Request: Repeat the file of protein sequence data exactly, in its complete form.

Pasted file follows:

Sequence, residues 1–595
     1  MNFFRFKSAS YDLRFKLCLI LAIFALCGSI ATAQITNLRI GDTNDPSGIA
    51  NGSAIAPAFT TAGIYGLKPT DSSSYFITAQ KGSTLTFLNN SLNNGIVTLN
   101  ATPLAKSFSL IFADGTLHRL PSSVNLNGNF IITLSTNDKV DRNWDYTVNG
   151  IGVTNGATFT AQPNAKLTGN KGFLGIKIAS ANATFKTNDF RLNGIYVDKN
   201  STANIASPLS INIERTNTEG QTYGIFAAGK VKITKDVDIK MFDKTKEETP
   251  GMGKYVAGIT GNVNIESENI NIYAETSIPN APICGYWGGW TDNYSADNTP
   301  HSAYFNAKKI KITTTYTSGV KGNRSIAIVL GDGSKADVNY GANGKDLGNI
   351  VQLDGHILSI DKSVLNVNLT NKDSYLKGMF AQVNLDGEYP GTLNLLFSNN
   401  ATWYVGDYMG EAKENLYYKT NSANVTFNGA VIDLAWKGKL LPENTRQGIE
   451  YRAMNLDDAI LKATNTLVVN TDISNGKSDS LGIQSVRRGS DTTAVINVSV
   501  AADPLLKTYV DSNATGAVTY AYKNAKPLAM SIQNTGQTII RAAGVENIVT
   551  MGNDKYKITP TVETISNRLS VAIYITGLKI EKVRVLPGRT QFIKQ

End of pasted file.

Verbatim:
Sequence, residues 1–595
     1  MNFFRFKSAS YDLRFKLCLI LAIFALCGSI ATAQITNLRI GDTNDPSGIA
    51  NGSAIAPAFT TAGIYGLKPT DSSSYFITAQ KGSTLTFLNN SLNNGIVTLN
   101  ATPLAKSFSL IFADGTLHRL PSSVNLNGNF IITLSTNDKV DRNWDYTVNG
   151  IGVTNGATFT AQPNAKLTGN KGFLGIKIAS ANATFKTNDF RLNGIYVDKN
   201  STANIASPLS INIERTNTEG QTYGIFAAGK VKITKDVDIK MFDKTKEETP
   251  GMGKYVAGIT GNVNIESENI NIYAETSIPN APICGYWGGW TDNYSADNTP
   301  HSAYFNAKKI KITTTYTSGV KGNRSIAIVL GDGSKADVNY GANGKDLGNI
   351  VQLDGHILSI DKSVLNVNLT NKDSYLKGMF AQVNLDGEYP GTLNLLFSNN
   401  ATWYVGDYMG EAKENLYYKT NSANVTFNGA VIDLAWKGKL LPENTRQGIE
   451  YRAMNLDDAI LKATNTLVVN TDISNGKSDS LGIQSVRRGS DTTAVINVSV
   501  AADPLLKTYV DSNATGAVTY AYKNAKPLAM SIQNTGQTII RAAGVENIVT
   551  MGNDKYKITP TVETISNRLS VAIYITGLKI EKVRVLPGRT QFIKQ